Future Costs Aren’t in Mix, Critics Contend
President Bush says he can cut an expected record-breaking budget deficit in half over five years while still boosting military and homeland defense spending. But his ability to keep that promise rests not only on what he put into his proposal, but also what he left out.
The fiscal 2005 budget the president presented to Congress on Monday, critics point out, fails to count upcoming costs in the war in Iraq. It also doesn’t take into account the future cost of fixing a glitch in the alternative minimum tax. Or the big increase in Social Security payouts due to hit when baby boomers start retiring.
“The way he makes it look as though it’s under control is he just leaves out a lot of things,” said North Dakota Sen. Kent Conrad, ranking Democrat on the Senate Budget Committee. “This is not credible. It’s not real. It’s not being frank and direct with the American people as to the challenge that’s facing us.”
Every president’s budget is, in part, an act of wishful bureaucratic thinking. And in this regard, Bush is no exception. But the scale of the wishfulness this time had some Washington veterans shaking their heads.
“This goes far beyond the degree of playing games with the numbers to make them look good of any president I can remember,” said Robert Greenstein, executive director of the Center on Budget and Policy Priorities, a liberal group. “It’s very disturbing in light of how severe the midterm and long-term deficits are.”
Democrats and “deficit hawk” Republicans grumbled Monday that the president appeared to have inflated the size of the estimated 2004 deficit in order, perhaps, to make it easier to keep his promise of halving the deficit over time. The White House now projects a $521-billion deficit this year, up from a $380-billion estimate in summer.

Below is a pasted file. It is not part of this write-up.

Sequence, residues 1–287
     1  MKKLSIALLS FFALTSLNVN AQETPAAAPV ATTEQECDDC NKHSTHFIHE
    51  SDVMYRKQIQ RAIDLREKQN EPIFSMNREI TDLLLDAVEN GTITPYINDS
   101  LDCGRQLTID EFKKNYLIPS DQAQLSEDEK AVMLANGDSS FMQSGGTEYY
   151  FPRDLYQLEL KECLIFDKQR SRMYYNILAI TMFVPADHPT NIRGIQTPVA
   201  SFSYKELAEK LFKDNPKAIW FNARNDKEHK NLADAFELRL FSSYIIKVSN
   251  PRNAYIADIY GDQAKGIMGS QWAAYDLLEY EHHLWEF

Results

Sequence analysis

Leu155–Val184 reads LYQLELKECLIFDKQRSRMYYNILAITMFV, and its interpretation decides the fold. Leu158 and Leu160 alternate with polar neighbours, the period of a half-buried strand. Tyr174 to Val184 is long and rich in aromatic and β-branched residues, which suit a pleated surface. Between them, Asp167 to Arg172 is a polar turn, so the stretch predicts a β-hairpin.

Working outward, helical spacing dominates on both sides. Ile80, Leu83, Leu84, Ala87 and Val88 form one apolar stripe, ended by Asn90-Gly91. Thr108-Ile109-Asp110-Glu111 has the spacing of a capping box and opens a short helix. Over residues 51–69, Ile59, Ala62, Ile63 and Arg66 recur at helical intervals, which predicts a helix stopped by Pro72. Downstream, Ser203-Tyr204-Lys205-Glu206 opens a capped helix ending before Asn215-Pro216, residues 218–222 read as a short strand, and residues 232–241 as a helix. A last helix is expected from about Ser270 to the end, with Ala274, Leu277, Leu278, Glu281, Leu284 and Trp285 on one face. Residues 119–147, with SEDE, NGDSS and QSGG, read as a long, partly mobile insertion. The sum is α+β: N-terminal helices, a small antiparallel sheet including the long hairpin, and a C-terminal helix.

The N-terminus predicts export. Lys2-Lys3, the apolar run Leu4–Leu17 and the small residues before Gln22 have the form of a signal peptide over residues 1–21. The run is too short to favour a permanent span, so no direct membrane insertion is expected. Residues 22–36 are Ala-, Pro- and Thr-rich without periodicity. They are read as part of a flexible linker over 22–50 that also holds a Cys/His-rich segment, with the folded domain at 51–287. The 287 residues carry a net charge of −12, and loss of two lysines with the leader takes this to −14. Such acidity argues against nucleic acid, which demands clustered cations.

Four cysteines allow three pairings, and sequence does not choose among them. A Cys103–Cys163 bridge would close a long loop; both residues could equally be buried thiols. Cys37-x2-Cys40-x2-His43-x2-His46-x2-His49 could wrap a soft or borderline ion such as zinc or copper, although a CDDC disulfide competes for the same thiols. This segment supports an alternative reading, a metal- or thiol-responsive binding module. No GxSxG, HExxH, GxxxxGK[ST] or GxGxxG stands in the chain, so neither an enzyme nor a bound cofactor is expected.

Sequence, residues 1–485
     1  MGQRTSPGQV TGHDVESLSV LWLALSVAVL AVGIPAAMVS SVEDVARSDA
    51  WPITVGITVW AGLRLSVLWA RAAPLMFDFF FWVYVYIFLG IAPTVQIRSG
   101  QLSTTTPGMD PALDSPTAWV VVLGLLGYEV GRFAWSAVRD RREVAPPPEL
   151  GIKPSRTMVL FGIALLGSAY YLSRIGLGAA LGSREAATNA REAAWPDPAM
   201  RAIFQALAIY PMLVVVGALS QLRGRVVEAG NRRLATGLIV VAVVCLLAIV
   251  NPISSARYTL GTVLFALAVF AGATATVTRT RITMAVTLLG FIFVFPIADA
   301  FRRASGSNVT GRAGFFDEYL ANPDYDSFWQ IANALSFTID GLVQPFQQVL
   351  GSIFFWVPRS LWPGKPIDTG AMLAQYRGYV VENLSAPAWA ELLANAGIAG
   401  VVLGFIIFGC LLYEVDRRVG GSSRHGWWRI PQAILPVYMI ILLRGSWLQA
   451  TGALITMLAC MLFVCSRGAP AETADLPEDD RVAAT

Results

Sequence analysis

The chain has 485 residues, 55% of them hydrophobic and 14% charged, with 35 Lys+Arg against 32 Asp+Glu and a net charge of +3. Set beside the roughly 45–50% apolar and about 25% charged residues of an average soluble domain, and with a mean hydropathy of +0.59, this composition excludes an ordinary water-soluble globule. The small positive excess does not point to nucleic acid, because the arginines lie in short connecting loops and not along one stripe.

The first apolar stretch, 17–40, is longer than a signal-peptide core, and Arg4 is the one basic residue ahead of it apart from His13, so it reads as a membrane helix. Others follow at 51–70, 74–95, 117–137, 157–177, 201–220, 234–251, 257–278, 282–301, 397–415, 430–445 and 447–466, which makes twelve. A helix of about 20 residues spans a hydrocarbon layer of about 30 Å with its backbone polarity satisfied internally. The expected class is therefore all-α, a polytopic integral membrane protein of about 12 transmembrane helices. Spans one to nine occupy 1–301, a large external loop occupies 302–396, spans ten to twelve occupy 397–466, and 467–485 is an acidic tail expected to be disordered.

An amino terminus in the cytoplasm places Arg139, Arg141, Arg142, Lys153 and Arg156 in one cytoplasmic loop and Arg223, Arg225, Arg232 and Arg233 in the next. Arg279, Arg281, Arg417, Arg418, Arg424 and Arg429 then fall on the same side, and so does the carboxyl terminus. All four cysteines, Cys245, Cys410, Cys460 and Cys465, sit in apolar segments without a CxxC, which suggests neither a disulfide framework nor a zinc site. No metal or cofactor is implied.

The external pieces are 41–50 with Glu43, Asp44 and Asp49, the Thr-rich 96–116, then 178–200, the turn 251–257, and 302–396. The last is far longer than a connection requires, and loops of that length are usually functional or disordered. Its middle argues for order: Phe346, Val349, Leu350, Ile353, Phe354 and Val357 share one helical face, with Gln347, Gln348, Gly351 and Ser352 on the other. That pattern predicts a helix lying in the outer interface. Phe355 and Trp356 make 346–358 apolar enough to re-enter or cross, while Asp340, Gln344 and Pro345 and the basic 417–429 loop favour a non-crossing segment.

“There is speculation that they are overestimating the deficit now so that they will come in lower later on,” said Stan Collender, a longtime budget watcher who heads the Washington office of Financial Dynamics, a public relations firm.
Budget experts pointed to a few items in the Bush proposal that they considered unrealistic at best and, at worst, deceptive.
* Defense spending: The president said his proposed defense budget of $401.7 billion increases spending by 7%. But that figure does not include a cent to fund the fighting in Iraq and Afghanistan. Pentagon officials have said they will ask for more money for that next year.
“It’s the elephant sitting in the corner of the room that nobody wants to talk about,” said Chris Hellman, budget analyst at the Center for Arms Control and Non-Proliferation. “You can’t talk rationally about your projected spending when you’re leaving what could be as much as 20% of the annual Pentagon outlay off the table.”
Administration officials project that the 2005 request, when it does come, will exceed $50 billion.
Although the Pentagon historically has funded wars outside the normal appropriations process, not since Vietnam have the supplemental requests been, in inflation-adjusted dollars, so immense.
Budget-watchers complain that unlike the Pentagon’s annual funding request, which is meticulously itemized, the supplemental appropriations since 2001 have been broken down only into vague categories. They also have been sent to Congress at the last minute, reducing lawmakers’ ability to scrutinize them.